Here are just a few of the cringe-worthy subjects people would rather discuss than money (seriously):
Bad marriages, mental illness, drug addiction, race, sex, politics and religion—pretty much any potentially explosive topic to avoid mentioning household earnings, retirement savings, debt and inheritances.
It’s all part of a new survey from Capital Group.
The disconnect, of course, is that each of the latter must be addressed, and preferably with a financial professional.
“Most Americans agree that talking about their finances is a social taboo. It’s time to break that habit and inspire new, productive conversations about money, saving and investing,” Heather Lord, the firm’s senior vice president and head of strategy and innovation, said in a statement. “Small changes in how people talk about their finances can yield significant returns over time. Confronting the money taboo head-on is one way to create a more financially secure future for one’s self.”
When asked about topics that are too taboo to discuss with friends, respondents overwhelmingly indicated it was those connected to money:
- household earnings (39 percent),
- retirement savings (38 percent),
- debt (32 percent), and
- inheritance (25 percent).
Politics, drug use and racial issues were considered significantly less taboo.
Many respondents said finances were none of other people’s business, while others cited awkwardness and concern about creating ill feelings among friends.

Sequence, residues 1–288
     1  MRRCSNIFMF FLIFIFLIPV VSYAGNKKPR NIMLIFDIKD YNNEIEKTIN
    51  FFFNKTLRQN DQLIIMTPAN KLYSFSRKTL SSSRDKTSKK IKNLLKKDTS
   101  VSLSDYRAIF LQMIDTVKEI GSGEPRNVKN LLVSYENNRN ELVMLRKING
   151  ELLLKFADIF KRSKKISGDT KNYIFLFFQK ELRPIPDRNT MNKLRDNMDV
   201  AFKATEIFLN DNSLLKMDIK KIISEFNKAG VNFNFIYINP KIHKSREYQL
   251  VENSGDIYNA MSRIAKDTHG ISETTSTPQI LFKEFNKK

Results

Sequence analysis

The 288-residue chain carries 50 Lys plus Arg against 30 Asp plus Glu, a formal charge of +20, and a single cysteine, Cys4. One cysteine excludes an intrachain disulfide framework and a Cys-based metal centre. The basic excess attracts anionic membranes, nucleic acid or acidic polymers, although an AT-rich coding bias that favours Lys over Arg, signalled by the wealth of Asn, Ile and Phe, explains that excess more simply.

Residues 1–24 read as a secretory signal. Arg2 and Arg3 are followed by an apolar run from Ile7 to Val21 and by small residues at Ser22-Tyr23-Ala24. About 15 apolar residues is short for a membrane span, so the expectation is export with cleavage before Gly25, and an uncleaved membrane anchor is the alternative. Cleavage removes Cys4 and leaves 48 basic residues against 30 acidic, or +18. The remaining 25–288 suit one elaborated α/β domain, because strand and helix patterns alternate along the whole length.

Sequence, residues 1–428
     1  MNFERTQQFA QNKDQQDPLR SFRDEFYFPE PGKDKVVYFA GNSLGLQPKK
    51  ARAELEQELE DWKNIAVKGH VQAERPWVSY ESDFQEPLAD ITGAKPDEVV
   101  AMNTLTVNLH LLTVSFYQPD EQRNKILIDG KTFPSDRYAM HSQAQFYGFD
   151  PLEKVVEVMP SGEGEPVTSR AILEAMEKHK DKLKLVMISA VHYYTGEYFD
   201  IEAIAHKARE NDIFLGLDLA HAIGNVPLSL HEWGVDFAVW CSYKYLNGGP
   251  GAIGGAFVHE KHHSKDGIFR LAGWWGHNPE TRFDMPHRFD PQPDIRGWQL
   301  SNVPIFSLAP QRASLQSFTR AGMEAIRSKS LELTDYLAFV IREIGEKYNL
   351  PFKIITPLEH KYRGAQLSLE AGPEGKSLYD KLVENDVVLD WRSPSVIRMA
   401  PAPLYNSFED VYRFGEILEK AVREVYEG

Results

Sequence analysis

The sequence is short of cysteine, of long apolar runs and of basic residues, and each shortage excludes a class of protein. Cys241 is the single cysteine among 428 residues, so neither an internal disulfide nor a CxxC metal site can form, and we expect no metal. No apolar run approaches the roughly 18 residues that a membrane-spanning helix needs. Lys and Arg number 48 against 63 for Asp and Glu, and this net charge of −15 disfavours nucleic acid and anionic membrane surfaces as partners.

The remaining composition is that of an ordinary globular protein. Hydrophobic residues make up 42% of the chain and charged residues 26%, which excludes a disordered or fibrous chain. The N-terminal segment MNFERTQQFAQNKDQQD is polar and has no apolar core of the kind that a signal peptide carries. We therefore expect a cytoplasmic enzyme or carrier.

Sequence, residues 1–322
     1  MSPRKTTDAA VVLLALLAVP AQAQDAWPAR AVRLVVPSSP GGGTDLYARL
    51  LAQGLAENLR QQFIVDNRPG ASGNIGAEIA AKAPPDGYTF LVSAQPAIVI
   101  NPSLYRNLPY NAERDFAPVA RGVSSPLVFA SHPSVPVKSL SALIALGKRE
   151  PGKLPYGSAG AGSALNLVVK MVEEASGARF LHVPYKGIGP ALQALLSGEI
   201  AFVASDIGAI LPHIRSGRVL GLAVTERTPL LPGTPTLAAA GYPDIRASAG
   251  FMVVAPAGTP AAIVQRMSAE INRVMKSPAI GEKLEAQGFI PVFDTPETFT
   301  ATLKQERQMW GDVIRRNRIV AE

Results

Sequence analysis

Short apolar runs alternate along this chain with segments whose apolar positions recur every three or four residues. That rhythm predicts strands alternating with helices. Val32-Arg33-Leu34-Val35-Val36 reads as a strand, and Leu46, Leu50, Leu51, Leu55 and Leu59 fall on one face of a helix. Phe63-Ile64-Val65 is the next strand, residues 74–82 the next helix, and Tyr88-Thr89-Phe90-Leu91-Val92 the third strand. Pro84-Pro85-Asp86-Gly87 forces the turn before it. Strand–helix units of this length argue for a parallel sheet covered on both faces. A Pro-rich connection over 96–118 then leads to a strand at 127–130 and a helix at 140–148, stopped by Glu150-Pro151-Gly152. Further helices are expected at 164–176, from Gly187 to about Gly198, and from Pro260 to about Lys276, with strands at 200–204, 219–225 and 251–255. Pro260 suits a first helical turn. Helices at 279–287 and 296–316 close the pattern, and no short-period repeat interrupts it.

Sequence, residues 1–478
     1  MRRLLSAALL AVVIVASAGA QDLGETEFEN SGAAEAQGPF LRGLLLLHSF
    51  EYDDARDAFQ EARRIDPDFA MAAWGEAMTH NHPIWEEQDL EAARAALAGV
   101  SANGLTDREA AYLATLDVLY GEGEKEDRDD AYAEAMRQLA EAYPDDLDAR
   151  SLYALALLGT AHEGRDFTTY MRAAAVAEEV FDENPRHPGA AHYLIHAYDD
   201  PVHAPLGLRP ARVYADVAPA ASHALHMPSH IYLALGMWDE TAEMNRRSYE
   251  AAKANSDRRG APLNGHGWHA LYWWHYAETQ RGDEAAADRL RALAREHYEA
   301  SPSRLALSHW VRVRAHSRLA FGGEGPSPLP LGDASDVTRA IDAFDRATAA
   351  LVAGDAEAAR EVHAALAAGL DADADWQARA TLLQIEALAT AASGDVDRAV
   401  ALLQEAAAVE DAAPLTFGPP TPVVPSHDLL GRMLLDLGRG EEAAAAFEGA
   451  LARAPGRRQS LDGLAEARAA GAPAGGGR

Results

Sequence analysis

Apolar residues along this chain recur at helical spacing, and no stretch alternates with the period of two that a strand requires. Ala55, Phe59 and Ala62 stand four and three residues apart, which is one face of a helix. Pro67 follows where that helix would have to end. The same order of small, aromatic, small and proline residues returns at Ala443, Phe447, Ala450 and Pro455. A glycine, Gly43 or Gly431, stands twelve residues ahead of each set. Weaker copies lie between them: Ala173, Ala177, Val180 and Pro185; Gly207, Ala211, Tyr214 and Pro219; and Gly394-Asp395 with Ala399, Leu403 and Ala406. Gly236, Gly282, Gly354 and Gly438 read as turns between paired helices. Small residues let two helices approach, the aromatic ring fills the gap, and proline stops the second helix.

Male and female respondents provided almost identical responses when asked about personal matters that might be considered taboo, such as marital problems, religion, politics, sexual orientation and family disagreements.
However, when it came to financial topics like household earnings, retirement savings and debt, more women consider them a social taboo than men.
About one-third of those surveyed—including 30 percent of men and 40 percent of women—indicated they had discussed financial topics with friends and peers in the last six months.
The survey found that those who are most willing to talk about money are either very confident (perhaps too confident) about their finances or very insecure.
The survey found that when faced with a major financial decision or event, people discuss it with their spouse or a financial advisor. Women are more likely to turn to their spouse than men, and women are also more likely to speak with a financial advisor than men.